print(pclustr_hclust)

plot of chunk plot-rdf_hclustmeans-main

# Subset to just the panels you want to show in the main figure.
pclustr_hclust2 = pclustr_hclust
pclustr_hclust2$data <- subset(pclustr_hclust2$data, mix_factor %in% c(1.15, 
    1.25, 1.5, 1.75, 2, 2.5, 3.5))
# Subset to just the distances you want to show in the main figure.
pclustr_hclust2$data <- pclustr_hclust2$data[grep("DESeq-VS", pclustr_hclust2$data$Distance, 
    fixed = TRUE, invert = TRUE), ]
ht = 4
wi = 6.83
dev.off()
## null device 
##           1
ggsave("Figure_4_hclust.pdf", pclustr_hclust2, width = wi, height = ht)

k-means clustering (kmeans)

rdf_kmeans = ldply(RClist_kmeans, function(x, binaryclusteval, tot) {
    clres = binaryclusteval(x, tot)
    return(data.frame(Accuracy = clres["fracCorrect"]))
}, binaryclusteval, tot = (2 * J))
colnames(rdf_kmeans)[1] <- "fcall"
# Define the expected number of reads included.
rdf_kmeans$nreads <- as(sapply(strsplit(rdf_kmeans$fcall, comdelim, fixed = TRUE), 
    function(x) x[1]), "integer")
# The replicate number
rdf_kmeans$replicate <- as(sapply(strsplit(rdf_kmeans$fcall, comdelim, fixed = TRUE), 
    function(x) x[2]), "numeric")
# The mix factor
rdf_kmeans$mix_factor <- as(sapply(strsplit(rdf_kmeans$fcall, comdelim, fixed = TRUE), 
    function(x) x[3]), "numeric")
# The library minimum factor
rdf_kmeans$library_min <- as(sapply(strsplit(rdf_kmeans$fcall, comdelim, fixed = TRUE), 
    function(x) x[4]), "numeric")
# use the remaining info to define the function call
rdf_kmeans$Distance <- sapply(strsplit(rdf_kmeans$fcall, comdelim, fixed = TRUE), 
    function(x) {
        paste(x[-(1:5)][1:3], collapse = ", ")
    })
# Calculate means, store as separate `rdf_kmeansmean` table.
nonrepvars = c("nreads", "mix_factor", "Distance", "library_min")
rdf_kmeansmean = ddply(rdf_kmeans, .variables = nonrepvars, .fun = function(x, 
    vars) {
    data.frame(x[1, vars, drop = FALSE], Accuracy = mean(x$Accuracy), sd.Acc = sd(x$Accuracy), 
        stringsAsFactors = FALSE)
}, nonrepvars)
rdf_kmeansmean2 = rdf_kmeansmean
# Rename the library size to include plotmath symbol for clarity
lib_levels = paste0("tilde(N)[L]==", sort(unique(as.integer(rdf_kmeansmean2$nreads))))
rdf_kmeansmean2$nreads <- factor(paste0("tilde(N)[L]==", rdf_kmeansmean2$nreads), 
    levels = lib_levels)
# Re-label the effect-size parameter (mix_factor) to include 'ES='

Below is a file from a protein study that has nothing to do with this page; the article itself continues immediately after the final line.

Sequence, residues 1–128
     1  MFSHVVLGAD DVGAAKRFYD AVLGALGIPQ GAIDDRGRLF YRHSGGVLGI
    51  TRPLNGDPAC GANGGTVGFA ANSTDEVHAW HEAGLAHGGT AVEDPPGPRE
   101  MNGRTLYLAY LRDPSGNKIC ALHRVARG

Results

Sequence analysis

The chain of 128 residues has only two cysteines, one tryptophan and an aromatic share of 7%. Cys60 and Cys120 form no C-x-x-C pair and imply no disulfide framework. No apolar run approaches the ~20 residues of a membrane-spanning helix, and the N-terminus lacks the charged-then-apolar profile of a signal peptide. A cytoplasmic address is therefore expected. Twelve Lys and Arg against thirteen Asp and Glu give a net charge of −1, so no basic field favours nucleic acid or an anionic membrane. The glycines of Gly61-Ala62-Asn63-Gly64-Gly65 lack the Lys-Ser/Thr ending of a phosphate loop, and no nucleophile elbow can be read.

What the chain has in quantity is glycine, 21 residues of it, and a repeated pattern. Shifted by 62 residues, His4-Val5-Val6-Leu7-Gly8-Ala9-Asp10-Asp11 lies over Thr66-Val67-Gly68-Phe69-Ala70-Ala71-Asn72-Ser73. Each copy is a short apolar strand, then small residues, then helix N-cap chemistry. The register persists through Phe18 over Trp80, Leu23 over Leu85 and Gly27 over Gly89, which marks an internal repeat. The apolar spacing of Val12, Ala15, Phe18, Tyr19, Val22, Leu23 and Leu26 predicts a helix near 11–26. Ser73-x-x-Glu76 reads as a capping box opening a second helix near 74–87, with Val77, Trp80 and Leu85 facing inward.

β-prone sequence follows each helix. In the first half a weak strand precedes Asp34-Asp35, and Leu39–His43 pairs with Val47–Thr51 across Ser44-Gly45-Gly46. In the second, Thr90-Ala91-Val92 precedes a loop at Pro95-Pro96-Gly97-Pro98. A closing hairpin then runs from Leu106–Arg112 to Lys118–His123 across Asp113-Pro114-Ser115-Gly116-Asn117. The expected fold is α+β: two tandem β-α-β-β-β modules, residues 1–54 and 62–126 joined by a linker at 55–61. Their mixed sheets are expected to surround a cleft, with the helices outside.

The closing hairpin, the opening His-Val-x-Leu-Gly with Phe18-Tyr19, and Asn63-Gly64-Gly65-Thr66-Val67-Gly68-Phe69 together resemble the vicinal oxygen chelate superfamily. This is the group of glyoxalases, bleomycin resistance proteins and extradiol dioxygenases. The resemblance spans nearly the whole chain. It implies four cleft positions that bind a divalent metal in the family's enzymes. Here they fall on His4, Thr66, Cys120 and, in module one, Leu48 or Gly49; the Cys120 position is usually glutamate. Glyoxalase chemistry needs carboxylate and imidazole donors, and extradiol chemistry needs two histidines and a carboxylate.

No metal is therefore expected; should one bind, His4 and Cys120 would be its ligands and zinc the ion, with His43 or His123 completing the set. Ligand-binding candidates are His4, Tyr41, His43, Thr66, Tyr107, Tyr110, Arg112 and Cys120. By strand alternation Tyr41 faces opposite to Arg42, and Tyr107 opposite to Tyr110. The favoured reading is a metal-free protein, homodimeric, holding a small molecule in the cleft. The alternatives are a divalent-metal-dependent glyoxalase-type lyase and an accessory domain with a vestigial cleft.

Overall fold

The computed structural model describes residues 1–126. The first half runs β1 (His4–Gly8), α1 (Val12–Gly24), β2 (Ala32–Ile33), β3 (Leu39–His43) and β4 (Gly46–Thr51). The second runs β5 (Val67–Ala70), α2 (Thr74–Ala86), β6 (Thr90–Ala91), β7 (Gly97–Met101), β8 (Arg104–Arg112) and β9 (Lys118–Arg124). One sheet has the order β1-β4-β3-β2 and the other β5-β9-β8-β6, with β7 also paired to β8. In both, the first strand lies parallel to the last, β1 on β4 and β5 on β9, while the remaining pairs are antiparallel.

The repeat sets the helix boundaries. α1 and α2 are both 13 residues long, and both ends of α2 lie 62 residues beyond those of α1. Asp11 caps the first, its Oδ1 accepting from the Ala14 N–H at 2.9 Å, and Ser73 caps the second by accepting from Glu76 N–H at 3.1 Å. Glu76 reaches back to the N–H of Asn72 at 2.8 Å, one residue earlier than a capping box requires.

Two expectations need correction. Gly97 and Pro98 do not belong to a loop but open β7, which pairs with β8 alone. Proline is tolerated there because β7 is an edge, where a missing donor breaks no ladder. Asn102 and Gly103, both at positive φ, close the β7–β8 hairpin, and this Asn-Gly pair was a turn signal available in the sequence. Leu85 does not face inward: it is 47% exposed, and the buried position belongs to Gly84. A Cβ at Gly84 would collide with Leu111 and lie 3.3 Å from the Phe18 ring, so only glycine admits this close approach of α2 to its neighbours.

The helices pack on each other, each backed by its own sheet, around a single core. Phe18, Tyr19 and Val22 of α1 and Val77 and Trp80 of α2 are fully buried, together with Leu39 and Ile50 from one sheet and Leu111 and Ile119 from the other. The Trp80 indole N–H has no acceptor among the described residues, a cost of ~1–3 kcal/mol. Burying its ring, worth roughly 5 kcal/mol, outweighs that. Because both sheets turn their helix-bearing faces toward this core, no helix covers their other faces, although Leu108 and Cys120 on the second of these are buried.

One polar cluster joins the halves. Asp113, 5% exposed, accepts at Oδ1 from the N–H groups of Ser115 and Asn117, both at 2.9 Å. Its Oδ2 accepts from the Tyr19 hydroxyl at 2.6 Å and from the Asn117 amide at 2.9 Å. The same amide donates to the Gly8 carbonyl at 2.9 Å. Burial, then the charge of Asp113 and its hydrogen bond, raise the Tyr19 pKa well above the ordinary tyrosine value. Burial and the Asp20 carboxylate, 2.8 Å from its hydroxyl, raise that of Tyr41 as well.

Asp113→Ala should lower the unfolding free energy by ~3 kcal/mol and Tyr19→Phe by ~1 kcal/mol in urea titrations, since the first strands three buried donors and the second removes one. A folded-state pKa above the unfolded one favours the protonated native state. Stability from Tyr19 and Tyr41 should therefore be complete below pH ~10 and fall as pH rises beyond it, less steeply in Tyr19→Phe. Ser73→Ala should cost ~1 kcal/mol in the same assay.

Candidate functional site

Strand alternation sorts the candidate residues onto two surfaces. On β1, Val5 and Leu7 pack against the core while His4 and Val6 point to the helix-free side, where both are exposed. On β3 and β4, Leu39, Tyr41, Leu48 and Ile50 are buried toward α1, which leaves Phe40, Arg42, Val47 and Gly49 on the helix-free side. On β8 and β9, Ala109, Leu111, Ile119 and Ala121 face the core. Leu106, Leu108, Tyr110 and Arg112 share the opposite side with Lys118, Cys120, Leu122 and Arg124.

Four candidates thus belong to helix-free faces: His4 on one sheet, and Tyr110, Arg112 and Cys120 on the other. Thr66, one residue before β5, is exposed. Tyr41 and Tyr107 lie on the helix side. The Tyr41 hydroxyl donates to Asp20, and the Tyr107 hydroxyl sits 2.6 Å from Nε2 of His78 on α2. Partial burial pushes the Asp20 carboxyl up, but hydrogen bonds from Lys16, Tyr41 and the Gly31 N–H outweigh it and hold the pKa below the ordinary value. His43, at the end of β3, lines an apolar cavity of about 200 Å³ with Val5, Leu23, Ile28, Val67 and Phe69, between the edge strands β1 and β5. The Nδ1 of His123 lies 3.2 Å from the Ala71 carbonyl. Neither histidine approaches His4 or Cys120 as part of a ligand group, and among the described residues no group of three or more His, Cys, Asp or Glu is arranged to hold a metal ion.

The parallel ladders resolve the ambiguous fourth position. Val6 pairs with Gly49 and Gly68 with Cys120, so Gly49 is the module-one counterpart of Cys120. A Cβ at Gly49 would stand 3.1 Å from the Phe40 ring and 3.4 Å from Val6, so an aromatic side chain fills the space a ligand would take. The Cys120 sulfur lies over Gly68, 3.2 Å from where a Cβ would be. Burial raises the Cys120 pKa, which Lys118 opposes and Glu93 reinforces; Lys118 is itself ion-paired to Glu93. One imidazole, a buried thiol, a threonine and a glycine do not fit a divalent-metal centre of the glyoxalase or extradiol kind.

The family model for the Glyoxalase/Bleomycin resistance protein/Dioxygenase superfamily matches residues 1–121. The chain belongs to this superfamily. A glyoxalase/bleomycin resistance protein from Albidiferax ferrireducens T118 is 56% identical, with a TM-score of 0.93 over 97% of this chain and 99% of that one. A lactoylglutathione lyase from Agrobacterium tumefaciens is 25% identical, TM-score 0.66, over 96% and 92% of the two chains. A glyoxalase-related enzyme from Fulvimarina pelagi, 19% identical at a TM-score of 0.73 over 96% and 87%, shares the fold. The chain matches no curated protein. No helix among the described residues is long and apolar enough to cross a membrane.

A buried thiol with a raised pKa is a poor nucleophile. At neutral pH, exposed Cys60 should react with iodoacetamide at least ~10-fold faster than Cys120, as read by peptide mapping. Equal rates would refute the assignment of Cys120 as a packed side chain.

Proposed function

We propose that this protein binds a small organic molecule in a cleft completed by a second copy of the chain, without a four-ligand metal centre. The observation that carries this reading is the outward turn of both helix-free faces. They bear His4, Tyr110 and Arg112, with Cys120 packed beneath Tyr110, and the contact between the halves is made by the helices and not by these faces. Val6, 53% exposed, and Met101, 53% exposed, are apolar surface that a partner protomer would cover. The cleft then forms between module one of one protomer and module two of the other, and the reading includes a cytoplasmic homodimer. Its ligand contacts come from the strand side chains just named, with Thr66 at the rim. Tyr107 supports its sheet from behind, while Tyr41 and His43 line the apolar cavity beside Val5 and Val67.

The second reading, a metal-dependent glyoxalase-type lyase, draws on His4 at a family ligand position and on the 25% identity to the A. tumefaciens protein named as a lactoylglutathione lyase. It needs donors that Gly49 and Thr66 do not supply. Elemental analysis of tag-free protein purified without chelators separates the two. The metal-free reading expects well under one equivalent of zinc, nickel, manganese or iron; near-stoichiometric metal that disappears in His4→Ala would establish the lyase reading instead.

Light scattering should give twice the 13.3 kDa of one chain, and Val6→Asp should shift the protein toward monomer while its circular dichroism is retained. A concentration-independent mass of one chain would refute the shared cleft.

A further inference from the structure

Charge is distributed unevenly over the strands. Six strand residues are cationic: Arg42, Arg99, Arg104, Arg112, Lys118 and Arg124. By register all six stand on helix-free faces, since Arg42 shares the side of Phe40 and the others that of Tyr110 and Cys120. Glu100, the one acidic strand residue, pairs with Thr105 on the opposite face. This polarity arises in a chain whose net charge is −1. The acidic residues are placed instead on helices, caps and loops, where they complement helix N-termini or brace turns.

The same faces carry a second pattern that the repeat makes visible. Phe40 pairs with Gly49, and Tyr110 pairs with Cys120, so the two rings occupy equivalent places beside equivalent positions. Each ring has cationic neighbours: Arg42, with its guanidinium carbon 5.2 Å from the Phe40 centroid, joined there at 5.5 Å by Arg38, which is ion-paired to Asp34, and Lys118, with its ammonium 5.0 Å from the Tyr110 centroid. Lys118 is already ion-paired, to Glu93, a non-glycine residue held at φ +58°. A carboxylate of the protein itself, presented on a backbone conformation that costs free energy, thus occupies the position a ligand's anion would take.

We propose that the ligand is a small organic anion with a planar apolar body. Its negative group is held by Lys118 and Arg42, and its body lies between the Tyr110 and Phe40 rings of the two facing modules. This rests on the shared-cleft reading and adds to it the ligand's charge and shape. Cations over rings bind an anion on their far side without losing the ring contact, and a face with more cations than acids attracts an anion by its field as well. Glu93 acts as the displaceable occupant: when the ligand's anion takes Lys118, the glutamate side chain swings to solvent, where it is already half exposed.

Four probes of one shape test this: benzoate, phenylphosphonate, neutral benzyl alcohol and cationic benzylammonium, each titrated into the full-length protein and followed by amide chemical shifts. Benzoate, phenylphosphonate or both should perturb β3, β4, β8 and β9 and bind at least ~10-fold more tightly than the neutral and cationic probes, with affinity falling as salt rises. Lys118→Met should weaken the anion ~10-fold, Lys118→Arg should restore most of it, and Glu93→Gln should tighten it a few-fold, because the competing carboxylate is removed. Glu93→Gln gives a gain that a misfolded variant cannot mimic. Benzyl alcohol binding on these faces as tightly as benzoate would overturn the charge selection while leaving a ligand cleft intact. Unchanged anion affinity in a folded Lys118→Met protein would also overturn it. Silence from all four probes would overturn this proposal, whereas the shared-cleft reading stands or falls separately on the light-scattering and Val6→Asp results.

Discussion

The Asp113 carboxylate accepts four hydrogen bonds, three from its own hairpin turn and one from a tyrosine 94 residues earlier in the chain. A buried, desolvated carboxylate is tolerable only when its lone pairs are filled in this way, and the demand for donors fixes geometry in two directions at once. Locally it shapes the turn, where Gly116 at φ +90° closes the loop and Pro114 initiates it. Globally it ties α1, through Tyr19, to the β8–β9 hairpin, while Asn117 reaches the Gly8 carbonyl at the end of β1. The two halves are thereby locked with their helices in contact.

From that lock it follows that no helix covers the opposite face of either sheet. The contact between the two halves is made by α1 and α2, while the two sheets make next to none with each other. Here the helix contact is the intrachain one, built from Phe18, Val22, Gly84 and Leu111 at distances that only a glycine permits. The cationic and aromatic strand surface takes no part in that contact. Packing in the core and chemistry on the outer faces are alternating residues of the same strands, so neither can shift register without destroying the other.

rdf_kmeansmean2$effect_size <- paste0("ES==", rdf_kmeansmean2$mix_factor)
# Remove the variance stabilized versions
rdf_kmeansmean2 = rdf_kmeansmean2[grep("deseqdistwrap, method='unifrac', weighted=TRUE", 
    rdf_kmeansmean2$Distance, fixed = TRUE, invert = TRUE), ]
rdf_kmeansmean2 = rdf_kmeansmean2[grep("deseqdistwrap, method='euclidean'", 
    rdf_kmeansmean2$Distance, fixed = TRUE, invert = TRUE), ]
# Relabel Distance measure names
rdf_kmeansmean2$Distance <- gsub("distance, 'unifrac', weighted=TRUE", "UniFrac-w", 
    rdf_kmeansmean2$Distance, fixed = TRUE)
rdf_kmeansmean2$Distance[grep("distance, 'unifrac'", rdf_kmeansmean2$Distance)] <- "UniFrac-u"
rdf_kmeansmean2$Distance[grep("edgeRdist", rdf_kmeansmean2$Distance)] <- "top-MSD"
rdf_kmeansmean2$Distance[grep("bray", rdf_kmeansmean2$Distance)] <- "Bray-Curtis"
rdf_kmeansmean2$Distance[grep("PoissonDist", rdf_kmeansmean2$Distance)] <- "PoissonDist"

Define Figure 4 (kmeans) graphic.

pathsize = 0.5
pointsize = 1.5
errorwidth = 0.01
erroralpha = 0.35
errorsize = 0.45
distlegtitle = "Distance Method:"
# The ggplot2 plot definition.
pclustr_kmeans = ggplot(rdf_kmeansmean2, aes(library_min, Accuracy, color = Distance)) + 
    geom_errorbar(aes(ymax = Accuracy + sd.Acc, ymin = Accuracy - sd.Acc), width = errorwidth, 
        alpha = erroralpha, size = errorsize, position = "dodge") + geom_path(size = pathsize) + 
    geom_point(aes(shape = Distance), size = pointsize) + facet_grid(nreads ~ 
    effect_size, labeller = label_parsed) + scale_colour_discrete(guide = guide_legend(title = distlegtitle)) + 
    scale_shape_discrete(guide = guide_legend(title = distlegtitle)) + scale_y_continuous(breaks = c(0.6, 
    0.8, 1), limits = c(-5, 1.1), oob = function(x, limits) {
    x
}) + xlab("Library Size Minimum Quantile") + coord_cartesian(ylim = c(0.5, 1)) + 
    theme(text = element_text(size = 8), plot.title = element_text(size = 10), 
        strip.text = element_text(size = 8)) + theme(legend.position = "top", 
    legend.box = "horizontal", legend.margin = unit(-0.5, "cm")) + theme(strip.background = element_blank())  #+ ggtitle('Clustering Accuracy, rarefied counts only') 
print(pclustr_kmeans)